It is noticeable that Jackie has short hair at the opening of the film and longer hair for the rest of it. That is because the head wound he received left a hole that had to be covered by a plastic plug. He already had a perfect take of the shot (which was used in the film), which was fairly simple, but being the perfectionist that he is, he tried to do another take which went horribly wrong and he fell 15 feet. He was hospitalised and was in a coma for two days.

It was this great spectacular opening action scene in the film which reminds you of Indiana Jones. Jackie’s gum-chewing treasure hunter extraordinaire, Asian Hawk steals an ancient sword which was worshipped by the forest Aboriginal natives as an idol (not knowing it was apart of the mythological “Armour of God”) during a human sacrifice involving a semi-naked woman on a slab. It led to a wild pursuit with Asian Hawk sliding down a very steep green hill (great scenery shots!) then making a daring escape on a mini plane with many extras and stunt men playing the native pagan Aboriginal tribe on his heels.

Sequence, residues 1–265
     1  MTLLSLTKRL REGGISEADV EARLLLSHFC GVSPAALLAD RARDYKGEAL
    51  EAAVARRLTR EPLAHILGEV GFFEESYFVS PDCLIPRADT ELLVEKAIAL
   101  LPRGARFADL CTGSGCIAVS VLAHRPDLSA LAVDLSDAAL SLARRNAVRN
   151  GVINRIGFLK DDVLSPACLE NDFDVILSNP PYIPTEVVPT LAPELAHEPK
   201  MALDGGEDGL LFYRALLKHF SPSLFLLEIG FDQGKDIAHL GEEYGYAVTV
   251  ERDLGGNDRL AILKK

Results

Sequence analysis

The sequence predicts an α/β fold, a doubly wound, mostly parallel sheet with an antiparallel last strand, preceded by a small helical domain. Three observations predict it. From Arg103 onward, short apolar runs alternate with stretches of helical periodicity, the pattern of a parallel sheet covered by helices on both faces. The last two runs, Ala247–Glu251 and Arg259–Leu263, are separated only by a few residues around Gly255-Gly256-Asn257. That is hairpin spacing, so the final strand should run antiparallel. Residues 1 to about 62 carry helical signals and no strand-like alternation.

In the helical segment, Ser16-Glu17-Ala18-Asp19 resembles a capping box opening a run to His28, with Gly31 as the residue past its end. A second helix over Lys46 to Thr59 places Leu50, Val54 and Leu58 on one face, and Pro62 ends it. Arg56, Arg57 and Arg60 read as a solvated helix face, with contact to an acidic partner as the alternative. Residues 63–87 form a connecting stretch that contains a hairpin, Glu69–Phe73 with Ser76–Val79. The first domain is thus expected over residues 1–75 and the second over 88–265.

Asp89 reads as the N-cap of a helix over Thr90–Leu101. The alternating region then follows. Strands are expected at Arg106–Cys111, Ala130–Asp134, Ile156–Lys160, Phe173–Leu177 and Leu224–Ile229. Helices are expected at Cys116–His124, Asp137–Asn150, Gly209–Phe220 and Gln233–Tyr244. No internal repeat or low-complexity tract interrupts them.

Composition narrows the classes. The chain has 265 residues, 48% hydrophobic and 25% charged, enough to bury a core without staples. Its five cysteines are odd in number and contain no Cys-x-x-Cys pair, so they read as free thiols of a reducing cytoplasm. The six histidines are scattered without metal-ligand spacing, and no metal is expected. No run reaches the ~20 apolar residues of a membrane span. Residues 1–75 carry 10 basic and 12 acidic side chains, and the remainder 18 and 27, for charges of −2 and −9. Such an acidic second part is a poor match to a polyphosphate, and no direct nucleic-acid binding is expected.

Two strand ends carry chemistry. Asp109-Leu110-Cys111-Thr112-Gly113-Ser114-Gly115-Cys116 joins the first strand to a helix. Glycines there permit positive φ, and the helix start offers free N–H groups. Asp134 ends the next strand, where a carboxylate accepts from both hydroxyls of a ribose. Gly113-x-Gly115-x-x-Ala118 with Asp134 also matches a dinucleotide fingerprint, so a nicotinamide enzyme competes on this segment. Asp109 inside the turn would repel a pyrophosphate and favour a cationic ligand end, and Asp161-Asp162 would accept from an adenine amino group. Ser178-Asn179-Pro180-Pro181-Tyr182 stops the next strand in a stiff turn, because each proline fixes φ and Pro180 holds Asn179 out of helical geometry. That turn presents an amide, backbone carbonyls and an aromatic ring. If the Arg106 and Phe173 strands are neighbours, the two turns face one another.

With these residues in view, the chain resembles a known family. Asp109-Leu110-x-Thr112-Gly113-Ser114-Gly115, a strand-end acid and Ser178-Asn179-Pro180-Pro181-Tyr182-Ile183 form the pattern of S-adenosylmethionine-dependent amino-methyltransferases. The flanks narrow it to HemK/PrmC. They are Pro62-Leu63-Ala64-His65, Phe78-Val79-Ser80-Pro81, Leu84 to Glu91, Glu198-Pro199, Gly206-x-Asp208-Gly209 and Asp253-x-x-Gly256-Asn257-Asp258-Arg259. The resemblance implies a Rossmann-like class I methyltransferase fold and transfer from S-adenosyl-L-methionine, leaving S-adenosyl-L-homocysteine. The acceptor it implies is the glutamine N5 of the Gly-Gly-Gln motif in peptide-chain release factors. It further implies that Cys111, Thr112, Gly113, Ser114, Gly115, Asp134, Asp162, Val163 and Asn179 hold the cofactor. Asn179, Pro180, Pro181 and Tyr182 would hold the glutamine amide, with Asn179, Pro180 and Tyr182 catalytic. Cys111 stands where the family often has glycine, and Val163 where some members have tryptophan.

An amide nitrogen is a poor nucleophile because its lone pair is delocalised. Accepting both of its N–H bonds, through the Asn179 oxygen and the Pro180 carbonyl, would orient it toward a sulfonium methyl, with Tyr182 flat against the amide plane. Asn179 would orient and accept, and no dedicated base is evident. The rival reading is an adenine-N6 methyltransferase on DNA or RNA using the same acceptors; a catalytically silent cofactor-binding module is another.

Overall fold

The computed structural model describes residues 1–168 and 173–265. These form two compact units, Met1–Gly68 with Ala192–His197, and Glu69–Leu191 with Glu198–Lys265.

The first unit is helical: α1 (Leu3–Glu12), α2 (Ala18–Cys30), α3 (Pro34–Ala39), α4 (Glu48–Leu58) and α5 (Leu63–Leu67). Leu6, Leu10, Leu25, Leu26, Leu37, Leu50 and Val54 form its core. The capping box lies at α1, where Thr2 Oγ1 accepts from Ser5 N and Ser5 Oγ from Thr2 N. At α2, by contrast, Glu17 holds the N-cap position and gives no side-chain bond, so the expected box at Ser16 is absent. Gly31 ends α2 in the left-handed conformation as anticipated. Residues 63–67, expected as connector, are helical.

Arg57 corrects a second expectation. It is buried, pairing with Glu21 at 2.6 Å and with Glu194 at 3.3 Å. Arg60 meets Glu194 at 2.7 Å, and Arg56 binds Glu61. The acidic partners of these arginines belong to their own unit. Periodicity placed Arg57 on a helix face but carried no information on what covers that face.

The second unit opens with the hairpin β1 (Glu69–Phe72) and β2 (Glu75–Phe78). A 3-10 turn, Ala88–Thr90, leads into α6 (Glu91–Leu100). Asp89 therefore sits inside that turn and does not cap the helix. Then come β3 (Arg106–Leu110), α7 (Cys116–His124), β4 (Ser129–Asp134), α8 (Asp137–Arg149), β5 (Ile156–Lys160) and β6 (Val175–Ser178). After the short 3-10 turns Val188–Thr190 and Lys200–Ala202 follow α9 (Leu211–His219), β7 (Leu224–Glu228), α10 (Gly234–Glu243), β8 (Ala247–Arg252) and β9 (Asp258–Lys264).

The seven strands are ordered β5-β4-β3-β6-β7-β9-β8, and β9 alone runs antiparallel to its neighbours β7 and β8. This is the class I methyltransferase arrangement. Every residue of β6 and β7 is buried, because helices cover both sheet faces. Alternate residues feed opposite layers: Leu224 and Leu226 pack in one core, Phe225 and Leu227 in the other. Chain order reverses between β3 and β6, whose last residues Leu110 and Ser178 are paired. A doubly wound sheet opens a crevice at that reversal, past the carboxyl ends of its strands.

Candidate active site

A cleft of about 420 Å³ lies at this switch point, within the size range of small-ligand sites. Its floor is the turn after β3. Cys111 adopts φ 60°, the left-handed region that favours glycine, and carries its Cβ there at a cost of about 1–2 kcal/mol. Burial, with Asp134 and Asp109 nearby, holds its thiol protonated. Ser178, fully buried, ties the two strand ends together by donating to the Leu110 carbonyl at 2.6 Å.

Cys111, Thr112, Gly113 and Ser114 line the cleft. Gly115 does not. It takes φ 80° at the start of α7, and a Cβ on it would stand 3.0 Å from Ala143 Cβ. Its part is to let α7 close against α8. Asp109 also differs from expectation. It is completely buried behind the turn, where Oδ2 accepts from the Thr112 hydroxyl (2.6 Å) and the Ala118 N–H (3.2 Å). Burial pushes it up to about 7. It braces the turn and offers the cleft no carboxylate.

There is an outrageous, bloody terrorist scene where the “killer” monks dressed in hooded-black outfits concoct a plot to shoot up a dinner banquet with machine guns (AK-47’s) in order to kidnap Rosamund Kwan’s character, “Lorelei,” who was close enough to Asian Hawk (ex love interest) that blackmailing “Hawk” for the remaining pieces of the Armour could be possible in the eyes of the sinister Satanic Cult. It was a scary scene of gratuitous violence, where many people were shot, including a photographer through the eye (which was shown viscerally in close-up).

There is also an interesting brief flashback action sequence when “Count Bannon” played by Bozidar Smiljanic, discusses the origin of the sacred “Armour of God” treasure with Jackie and Alan Tam. It shows a bloody battle during the dark ages in Europe, a war supposedly in the name of good. There is a long, exciting and dangerous sequence of stunts during a multi-car and motorcycle chase in the narrow pedestrian streets of the Croatian city (which used to be a part of Yugoslavia at the time).